I came upon a rather interesting statement in the Daily Telegraph & Courier, dated Jul. 8, 1880. An individual wrote the following to the editor of The Daily Telegraph:
"Sir- Will you allow me to make public, through your columns, that a friend of mine has found on the scene of the massacre, and close to the remains of an officer, a mourning ring, set with seven small rosette diamonds, and inscribed "In Memoriam," &c. Any one claiming the ring, and able to supply the initials and date on the inscription, may apply to P. Dods, Lieut. -Colonel. C. United Service Club, Edinburgh, July 6.
Lieut. Col. P. Dods is listed in The Army List for 1879 as a Lieut. Col. of the Indian Staff Corps, retired on full pay with date of rank Feb. 17, 1872.
We have reports of two rings being found on the Isandlwana battlefield.
From Historical Records of the 24th Regiment from its Formation in 1689:
"Many months afterwards a diamond ring was picked up on the field of Isandhlwana. By means of an advertisement, the finder was enabled to identify the ring as having belonged to Captain Mostyn, and restored it to that officer’s family."
From Lieut. Maxwell's Reminiscences...
"Colonel Degacher claimed a valuable ring from me which he said he believed had belonged to his brother, who was killed in action. He would send it home to the widow, and in the event of its not being so, would return it to me, or otherwise let me know. Whether it was his brother’s or not, I am not aware, as he failed to inform me. I also obtained from the same source a valuable diamond ring, claimed by Sub-Inspector (F. L.) Phillips N.M.P., and valuable papers both official and otherwise, which found their way through me into the hands of those they belonged to."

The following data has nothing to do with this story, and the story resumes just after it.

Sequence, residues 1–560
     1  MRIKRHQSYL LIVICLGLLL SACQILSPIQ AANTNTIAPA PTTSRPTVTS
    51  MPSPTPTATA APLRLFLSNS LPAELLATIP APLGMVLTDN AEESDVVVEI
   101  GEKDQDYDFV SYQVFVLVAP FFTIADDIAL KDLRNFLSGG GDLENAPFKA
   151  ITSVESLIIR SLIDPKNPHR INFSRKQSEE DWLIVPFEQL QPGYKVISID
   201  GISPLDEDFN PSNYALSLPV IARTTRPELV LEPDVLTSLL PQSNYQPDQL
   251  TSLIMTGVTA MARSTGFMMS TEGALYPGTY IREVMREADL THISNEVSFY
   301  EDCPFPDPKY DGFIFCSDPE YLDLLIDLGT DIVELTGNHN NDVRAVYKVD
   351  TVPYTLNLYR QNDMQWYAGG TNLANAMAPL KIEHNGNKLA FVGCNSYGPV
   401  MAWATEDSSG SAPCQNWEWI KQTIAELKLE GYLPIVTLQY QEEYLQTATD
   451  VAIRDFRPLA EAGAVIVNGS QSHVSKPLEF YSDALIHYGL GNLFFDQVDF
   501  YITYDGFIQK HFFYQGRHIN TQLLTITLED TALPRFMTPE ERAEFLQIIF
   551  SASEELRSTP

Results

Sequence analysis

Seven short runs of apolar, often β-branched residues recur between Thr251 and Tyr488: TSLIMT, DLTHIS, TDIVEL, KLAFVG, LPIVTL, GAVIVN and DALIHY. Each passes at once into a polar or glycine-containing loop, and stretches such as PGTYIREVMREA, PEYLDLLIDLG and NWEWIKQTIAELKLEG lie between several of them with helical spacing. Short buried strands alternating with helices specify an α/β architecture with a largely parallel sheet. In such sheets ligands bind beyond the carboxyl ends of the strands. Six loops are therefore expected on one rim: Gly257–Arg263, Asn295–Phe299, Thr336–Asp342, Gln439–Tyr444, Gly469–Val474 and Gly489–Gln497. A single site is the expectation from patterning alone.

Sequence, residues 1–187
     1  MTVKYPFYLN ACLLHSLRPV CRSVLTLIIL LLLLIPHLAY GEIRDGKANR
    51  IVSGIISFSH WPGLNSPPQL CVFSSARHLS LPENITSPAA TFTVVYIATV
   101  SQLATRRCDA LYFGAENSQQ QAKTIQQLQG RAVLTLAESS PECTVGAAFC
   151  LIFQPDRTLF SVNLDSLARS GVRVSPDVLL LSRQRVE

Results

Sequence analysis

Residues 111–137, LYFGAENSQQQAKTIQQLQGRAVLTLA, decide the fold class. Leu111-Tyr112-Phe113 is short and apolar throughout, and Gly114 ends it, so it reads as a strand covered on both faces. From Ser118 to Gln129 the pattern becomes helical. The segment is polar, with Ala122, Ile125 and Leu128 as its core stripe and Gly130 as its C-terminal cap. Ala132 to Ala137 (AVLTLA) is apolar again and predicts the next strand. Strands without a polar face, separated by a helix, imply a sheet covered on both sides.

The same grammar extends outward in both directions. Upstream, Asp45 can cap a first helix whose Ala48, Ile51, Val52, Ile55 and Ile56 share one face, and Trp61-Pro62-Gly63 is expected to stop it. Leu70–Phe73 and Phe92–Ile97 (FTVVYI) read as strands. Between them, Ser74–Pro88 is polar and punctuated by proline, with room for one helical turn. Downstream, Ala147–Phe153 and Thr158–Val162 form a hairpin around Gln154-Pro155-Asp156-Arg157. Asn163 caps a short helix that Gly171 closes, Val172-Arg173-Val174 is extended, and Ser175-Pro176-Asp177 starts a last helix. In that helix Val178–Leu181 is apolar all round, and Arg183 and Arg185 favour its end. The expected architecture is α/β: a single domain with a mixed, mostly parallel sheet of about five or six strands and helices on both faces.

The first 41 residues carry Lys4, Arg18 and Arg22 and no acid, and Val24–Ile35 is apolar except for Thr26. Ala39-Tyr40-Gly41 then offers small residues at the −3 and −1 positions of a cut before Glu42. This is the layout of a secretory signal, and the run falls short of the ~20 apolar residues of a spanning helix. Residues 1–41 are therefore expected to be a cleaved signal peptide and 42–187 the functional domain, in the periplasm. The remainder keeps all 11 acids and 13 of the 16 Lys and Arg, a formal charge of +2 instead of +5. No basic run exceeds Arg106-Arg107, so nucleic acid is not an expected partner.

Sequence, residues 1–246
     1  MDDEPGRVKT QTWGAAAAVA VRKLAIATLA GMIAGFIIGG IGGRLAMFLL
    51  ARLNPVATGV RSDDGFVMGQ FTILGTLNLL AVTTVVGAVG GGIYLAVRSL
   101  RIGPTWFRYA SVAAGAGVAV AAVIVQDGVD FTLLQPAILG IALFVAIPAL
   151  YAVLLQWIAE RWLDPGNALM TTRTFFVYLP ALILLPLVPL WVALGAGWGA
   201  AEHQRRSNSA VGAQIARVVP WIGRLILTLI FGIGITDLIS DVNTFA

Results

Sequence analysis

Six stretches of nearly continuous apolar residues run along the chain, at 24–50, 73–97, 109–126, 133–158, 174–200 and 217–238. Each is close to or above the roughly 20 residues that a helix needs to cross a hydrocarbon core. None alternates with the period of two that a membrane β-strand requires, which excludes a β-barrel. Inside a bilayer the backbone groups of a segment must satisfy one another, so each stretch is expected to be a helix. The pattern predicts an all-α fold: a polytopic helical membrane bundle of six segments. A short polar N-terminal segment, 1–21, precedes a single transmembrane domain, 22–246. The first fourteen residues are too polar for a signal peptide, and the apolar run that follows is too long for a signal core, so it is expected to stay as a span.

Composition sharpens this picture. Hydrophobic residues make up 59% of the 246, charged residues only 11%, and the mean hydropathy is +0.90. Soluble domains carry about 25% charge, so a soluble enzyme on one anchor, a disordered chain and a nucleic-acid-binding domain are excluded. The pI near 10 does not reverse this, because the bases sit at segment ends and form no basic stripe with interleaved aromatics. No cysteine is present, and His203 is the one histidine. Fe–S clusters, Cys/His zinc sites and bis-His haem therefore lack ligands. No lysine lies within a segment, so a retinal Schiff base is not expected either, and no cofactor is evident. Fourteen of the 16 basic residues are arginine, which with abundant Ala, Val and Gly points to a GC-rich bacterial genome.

Obviously impossible to know for certain, but did any of the Imperial Officers suffer the loss of someone close to them? Someone close enough to prompt them to wear a memorial ring on a combat deployment. I can't find any info on Capt. Mostyn's family, but he seems like the best candidate.